Dolphin: Mastering the Art of Automated Droplet Movement

Running shared cloud infrastructure is tricky. One challenge that we have at DigitalOcean is striking the right balance between packing as many Droplets as possible onto our servers, and making sure those Droplets remain performant and available. In the process of placing Droplets, it’s common for individual Droplets to consume more resources than we anticipate. Placing Droplets is like stacking Jenga blocks, only the Jenga blocks are randomly sized and behave erratically.

DigitalOcean’s Fleet Optimization Engineering team is responsible for fitting as many Droplets as possible on our servers without degrading Droplet performance. In other words, we carefully stack jenga blocks so that our towers don’t fall over.

What if you want to move one of the Jenga blocks without knocking over the entire tower? That’s where the story of Dolphin begins.

It was a typical day at DigitalOcean. Our servers were serving. Our Droplets were…Dropleting. Business as usual. Lucy Berman, an engineer on the Fleet Optimization Engineering team, received a curious ping from one of her colleagues on the Storage team:

“Hey Lucy, how do I ensure that two of my Droplets in the same region don’t wind up on the same server? I’m sure this question has a very simple answer and won’t result in a complex multi-year project. Thanks!” -Lucy’s coworker, probably

Lucy asked the rest of her team about this, and there wasn’t a clear answer. In our world, one region equals one datacenter, which meant that two Droplets placed in the same region had the potential to wind up in the same rack, or worse, on the same server.

The initial idea of Dolphin was meant to solve that exact use-case: an internal anti-affinity service. Think of anti-affinity as a means of making Droplets allergic to one another based on specified criteria. For example, Dolphin might notice that three Elasticsearch leader Droplets have been placed on the same server, and proceed to distribute two of the leaders to other servers within the datacenter, eliminating the risk of a server failure triggering an outage.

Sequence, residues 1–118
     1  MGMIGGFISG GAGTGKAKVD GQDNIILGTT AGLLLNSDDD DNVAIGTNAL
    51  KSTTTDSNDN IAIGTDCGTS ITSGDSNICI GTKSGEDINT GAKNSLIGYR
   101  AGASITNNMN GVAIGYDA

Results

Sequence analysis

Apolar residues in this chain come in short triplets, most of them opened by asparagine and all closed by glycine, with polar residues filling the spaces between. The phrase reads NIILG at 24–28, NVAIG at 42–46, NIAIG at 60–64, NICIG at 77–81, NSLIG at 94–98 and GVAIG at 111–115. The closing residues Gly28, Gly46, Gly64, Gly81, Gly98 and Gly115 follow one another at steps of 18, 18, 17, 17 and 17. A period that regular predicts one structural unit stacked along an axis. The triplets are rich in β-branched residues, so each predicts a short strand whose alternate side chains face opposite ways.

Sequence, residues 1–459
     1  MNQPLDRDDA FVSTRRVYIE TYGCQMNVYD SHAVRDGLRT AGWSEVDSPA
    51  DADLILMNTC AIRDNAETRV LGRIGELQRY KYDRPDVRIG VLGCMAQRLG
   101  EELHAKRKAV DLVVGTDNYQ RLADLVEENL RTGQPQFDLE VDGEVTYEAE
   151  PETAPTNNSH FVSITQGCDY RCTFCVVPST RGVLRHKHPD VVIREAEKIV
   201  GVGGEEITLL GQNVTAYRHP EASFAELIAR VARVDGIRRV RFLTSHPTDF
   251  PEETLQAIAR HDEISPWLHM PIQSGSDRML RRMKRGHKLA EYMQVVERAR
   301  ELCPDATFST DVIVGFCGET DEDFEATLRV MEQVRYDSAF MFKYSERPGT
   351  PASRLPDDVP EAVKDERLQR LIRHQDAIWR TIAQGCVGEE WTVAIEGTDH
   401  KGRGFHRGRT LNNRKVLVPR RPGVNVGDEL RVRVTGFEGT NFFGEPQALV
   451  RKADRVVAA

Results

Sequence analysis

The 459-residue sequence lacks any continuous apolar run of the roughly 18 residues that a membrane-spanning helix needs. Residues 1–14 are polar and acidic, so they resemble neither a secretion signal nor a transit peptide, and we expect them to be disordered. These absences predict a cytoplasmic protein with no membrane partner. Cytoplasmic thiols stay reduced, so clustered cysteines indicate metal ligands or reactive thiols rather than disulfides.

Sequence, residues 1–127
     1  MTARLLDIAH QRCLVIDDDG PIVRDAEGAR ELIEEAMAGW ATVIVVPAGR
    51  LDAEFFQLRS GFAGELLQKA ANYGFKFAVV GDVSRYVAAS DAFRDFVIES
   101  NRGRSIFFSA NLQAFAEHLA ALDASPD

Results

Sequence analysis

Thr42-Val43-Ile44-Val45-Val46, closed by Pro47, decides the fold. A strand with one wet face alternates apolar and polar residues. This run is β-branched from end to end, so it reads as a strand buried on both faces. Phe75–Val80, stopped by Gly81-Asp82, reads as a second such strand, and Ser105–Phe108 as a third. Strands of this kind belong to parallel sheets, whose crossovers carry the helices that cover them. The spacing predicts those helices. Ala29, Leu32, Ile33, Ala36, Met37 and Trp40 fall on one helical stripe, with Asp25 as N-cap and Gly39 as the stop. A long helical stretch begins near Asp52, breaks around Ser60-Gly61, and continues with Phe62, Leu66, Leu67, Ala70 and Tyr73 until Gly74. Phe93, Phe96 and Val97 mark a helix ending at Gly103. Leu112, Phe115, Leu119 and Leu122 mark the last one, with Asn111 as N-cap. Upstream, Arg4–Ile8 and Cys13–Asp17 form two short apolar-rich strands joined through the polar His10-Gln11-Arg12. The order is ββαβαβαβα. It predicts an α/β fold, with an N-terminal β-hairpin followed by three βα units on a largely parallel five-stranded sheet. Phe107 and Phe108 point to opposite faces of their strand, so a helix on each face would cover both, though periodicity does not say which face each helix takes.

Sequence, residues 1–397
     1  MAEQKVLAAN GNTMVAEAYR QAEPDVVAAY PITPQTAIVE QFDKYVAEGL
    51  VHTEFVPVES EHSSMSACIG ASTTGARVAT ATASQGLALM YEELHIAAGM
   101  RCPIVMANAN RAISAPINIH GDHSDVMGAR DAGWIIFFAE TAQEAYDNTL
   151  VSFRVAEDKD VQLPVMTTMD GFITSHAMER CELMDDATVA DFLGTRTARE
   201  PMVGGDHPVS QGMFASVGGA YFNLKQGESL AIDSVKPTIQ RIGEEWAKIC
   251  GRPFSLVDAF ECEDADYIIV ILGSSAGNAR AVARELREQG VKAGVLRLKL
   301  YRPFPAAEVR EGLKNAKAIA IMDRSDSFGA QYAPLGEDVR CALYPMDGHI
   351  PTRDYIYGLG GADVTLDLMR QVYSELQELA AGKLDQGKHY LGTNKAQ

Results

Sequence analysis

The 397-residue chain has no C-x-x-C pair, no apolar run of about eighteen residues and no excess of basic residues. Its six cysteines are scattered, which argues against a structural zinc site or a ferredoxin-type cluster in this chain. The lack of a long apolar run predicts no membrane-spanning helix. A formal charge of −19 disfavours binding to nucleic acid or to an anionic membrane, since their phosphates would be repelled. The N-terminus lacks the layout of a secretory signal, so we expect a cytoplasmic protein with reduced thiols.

The idea of automatically distributing Droplets to make our systems more reliable served as the foundation of the Dolphin we know and love today.

Internally, we tend to use nautical names for most of our services. Within the Fleet Optimization Engineering team, we like to pick sea creature names, relating the name of the creature to the purpose of the new service.

We needed a service that could interpret many different signals and operate intelligently, and gracefully. Dolphins are known for their intelligence as well as their grace—the name was obvious.

The initial design of Dolphin took about a month, and didn’t involve much drama.

We used a form of deliberate design called “event storming.” Event storming helped us form a shared language around the various components of Dolphin. Settling on a shared language upfront allowed us to approach the implementation more systematically and made collaboration easier. The event names that we settled on during planning wound up trickling all the way down into the implementation.

image alt text

rebalanceCreated := mxRoot.IncCounter(
   "rebalance_created",
   "increases when dolphin creates a new rebalance",
)
rebalanceCreationFailed := mxRoot.IncCounter(
   "rebalance_creation_failed",
   "increases when dolphin cannot create a new rebalance",
)

Like most of our internal services, we opted to write Dolphin in Go and deploy it via Kubernetes. We were very thoughtful while designing Dolphin—an automated-Droplet-moving-system-thing had the potential to do a lot of damage very quickly if it failed. With such a huge potential blast radius, safety was paramount.

With this in mind, we had the foresight to design a bunch of safety nets. For example, there is a threshold on the number of Droplets that Dolphin is allowed to move over a certain period of time. Concurrency safety, backoff mechanisms, and a “Big Red Button” have been extremely important for the success of Dolphin.

Our team has always had a culture of reliability, especially since Roman joined us—we like to play with things like supervision trees, chaos testing, and canaries. It felt very natural for us to carry these reliability practices into the implementation of Dolphin. In fact, the initial Dolphin release was in a sort of “read-only” mode, where it would log its intent without executing. This was an extra cautionary step in the interest of safety, but also made iterative development much easier!

It’s rare for an initial release of anything in the software world to happen without issue, but Dolphin was honestly quite painless. We credit the ease of Dolphin’s release to our deliberate planning, thoughtful execution, and our culture of safety and care.

Remember, our only initial goal was to allow internal teams at DigitalOcean to accomplish anti-affinity for their internal services—making sure their Droplets didn’t wind up on the same server.